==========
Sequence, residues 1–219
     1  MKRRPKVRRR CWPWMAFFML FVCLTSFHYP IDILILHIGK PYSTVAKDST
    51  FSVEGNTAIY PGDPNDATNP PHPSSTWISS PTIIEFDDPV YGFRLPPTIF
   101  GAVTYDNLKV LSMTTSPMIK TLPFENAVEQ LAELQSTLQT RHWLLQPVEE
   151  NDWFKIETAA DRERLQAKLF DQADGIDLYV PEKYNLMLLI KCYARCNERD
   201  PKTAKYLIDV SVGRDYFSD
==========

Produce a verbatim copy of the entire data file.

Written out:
Sequence, residues 1–219
     1  MKRRPKVRRR CWPWMAFFML FVCLTSFHYP IDILILHIGK PYSTVAKDST
    51  FSVEGNTAIY PGDPNDATNP PHPSSTWISS PTIIEFDDPV YGFRLPPTIF
   101  GAVTYDNLKV LSMTTSPMIK TLPFENAVEQ LAELQSTLQT RHWLLQPVEE
   151  NDWFKIETAA DRERLQAKLF DQADGIDLYV PEKYNLMLLI KCYARCNERD
   201  PKTAKYLIDV SVGRDYFSD